Gogol did not know what to do. He had seen the man twice before, but outside the house. This time he was standing right inside, the pupils of his cold white eyes were ghastly and still. There was a smile lurking within his moustache. He was looking at the boy. Mustering courage, Gogol asked, “Who are you?"

    There was no reply, only a slight movement of the lips. Then much to Gogol’s surprise the strange man went through the front door without opening it! His tattered canvas shoes made no sound on the floorboards. But how did he manage to go out without opening the door? There he was, standing outside and staring unblinkingly at Gogol through the door. It seemed that he was making signs for Gogol to come to him!

    No sooner had Gogol advanced two steps than Aunt Moily’s voice could be heard, “Where are you going, Master Gogol? Weren’t you in bed?”

    “I couldn’t sleep, so I have come out,” replied Gogol, stopping short.

    “Your parents will soon be up,” said Moily Aunty, ”Then I will make tea, and after that we will go to the Mall. Till then, stay in your room.”

    “Aunty, who is that man standing out there?”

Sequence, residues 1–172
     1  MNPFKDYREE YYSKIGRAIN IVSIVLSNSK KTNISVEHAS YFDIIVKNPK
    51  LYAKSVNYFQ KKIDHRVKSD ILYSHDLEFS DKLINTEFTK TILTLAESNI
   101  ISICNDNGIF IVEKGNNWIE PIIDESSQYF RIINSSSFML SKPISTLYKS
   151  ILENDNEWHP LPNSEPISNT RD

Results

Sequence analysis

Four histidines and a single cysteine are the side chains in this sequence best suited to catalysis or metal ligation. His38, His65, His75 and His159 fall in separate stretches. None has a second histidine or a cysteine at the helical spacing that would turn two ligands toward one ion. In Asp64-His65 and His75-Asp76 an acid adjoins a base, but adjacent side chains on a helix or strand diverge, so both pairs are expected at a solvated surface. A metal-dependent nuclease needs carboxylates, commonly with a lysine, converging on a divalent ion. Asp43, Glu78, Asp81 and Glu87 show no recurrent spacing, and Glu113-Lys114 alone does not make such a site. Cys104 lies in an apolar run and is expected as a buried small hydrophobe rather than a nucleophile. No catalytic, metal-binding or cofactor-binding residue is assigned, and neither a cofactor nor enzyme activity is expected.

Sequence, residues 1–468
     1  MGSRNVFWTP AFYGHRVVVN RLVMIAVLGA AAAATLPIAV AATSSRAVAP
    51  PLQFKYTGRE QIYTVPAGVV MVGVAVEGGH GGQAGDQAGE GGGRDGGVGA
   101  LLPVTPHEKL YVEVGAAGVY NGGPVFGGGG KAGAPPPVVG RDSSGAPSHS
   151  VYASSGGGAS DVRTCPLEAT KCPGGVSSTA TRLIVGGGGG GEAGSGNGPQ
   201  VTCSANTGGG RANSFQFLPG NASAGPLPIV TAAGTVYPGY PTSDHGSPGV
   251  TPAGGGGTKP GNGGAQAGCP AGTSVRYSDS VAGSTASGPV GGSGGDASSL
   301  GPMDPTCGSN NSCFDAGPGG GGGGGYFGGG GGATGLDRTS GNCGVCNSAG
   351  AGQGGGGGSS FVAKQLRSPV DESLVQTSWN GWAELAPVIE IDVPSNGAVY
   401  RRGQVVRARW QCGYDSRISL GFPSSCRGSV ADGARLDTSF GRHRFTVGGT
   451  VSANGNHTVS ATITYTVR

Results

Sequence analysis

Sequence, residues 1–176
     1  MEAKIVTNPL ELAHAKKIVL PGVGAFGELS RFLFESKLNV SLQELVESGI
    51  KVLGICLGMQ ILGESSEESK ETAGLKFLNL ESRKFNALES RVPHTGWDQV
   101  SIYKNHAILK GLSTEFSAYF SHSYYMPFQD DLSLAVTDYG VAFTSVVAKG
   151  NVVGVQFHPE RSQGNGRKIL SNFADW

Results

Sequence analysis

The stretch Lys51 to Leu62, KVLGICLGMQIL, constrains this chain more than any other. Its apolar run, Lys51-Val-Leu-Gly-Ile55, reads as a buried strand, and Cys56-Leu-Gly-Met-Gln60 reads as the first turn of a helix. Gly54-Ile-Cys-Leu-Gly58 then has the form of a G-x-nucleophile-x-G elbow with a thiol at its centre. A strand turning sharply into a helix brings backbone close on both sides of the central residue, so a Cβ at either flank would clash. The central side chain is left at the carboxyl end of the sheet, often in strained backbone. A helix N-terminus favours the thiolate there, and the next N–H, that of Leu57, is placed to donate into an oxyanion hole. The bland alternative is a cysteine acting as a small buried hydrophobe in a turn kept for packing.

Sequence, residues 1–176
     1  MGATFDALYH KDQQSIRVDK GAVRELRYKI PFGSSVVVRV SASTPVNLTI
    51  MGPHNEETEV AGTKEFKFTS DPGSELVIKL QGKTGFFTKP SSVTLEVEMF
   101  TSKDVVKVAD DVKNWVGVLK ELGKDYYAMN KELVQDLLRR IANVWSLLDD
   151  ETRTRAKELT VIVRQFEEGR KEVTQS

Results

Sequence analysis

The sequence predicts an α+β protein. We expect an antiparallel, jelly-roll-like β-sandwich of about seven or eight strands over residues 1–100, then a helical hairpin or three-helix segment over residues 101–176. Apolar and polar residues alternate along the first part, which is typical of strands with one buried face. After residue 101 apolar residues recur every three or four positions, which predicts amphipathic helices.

Aunt Moily looked towards the door, frowning. “Why, I can’t see anyone there!”

    “But I can see him!”

    “What sort of man do you see, tell me.”

    “Torn and old military tunic, torn khaki woollen sweater, Nepalese cap on his head, tattered canvas shoes…”

    The more she heard the wider grew Moily’s eyes and terror loomed large in her gaze. She looked at the glass door, she looked at Gogol and held him tight by the hand. “It’s nothing,” she said, “You are imagining things. Come and lie down for half an hour. I’ll go put the kettle on for tea.”

    She took him into the dining room. Gogol turned as he went in and saw the man still standing as before, outside the front door. Yet if he was seen by no one else, how could Gogol convince others of his existence? And why was the man making appearances for Gogol alone? What mystery is this?